Baguette Machine Programming
The “T-fal home bread baguette” machine has many programming profiles for different types of bread. For the baguettes the following is used:
|Processes||Total Time||Kneading||1st Rise Time||Shaping Dough||Final Rise||Bake Time|
|Baguette /Cooking Only||230||20||60||10||100||30|
After the mixing and kneading, there is a 60 minute yeast rising period which ends with a series of loud beeps. You must take the dough out of the metal mixing container and shape it into the four baguettes. If you miss the beeps, the bread machine will eventually reset with no further action taken. If you forget about the dough it will eventually rise very high and will take longer to rise after the dough is shaped.
Shaping The Dough Into Four Baguettes
After the dough has risen, flour two bread boards and place one on a scale. Cut the dough into four equal pieces, adjusting small pieces amongst them until they are very close in mass.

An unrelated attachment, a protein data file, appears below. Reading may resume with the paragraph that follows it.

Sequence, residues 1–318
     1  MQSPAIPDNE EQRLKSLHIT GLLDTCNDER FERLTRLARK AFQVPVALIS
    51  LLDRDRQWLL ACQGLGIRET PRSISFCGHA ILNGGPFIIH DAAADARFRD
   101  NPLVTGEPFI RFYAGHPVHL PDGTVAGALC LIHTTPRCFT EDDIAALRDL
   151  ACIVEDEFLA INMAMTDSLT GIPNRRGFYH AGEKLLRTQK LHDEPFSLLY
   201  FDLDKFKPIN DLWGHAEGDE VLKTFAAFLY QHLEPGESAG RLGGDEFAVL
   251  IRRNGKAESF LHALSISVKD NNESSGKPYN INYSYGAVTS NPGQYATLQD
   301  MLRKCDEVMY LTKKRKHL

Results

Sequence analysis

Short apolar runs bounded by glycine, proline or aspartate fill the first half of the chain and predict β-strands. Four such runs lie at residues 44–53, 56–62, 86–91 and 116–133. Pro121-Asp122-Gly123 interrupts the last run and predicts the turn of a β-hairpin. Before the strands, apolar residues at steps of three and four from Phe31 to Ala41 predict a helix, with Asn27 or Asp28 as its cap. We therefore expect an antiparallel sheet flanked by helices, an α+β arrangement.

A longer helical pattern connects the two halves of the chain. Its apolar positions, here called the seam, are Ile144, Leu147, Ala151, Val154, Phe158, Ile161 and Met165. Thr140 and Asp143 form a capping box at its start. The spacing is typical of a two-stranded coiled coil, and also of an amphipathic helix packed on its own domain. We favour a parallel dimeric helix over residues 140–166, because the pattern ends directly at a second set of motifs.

Shape a small rectangle by pressing down on on the dough with one hand, while your other hand constrains the shape the dough flows into. Sometimes picking the dough up and stretching parts of it with your fingers also helps.
Once you are satisfied with the rectangular shape, fold the dough lengthwise onto itself. With the palm of one hand, press the fold together forcefully (to prevent large voids in the baked baguettes) and use the fingers of your other hand to pinch the edges together. Press the thin edges back into the rectangle, being careful not to create any overlapping small folds.
Rotate the dough to place the seam against the bread board and begin to flatten it down without causing creases or folds. With your palm, flatten the dough into another rectangle with the original seam against the bread board approximately in the middle. Pick up the dough, and carefully expand it with your fingers to widen the rectangle in preparation for a final fold. Place the dough back down onto the bread board with the original seam face up. Fold the dough along the seam with the seam disappearing inside.
With your palm, forcefully press the fold together and pinch the edges together. Press the pinched edges back into the dough and begin to roll it into a cylinder. The difficulty is with avoiding seams or folds as the cylinder begins to take shape. It will probably be necessary to push the ends together and gently roll to prevent the dough from becoming too long to fit in the trays.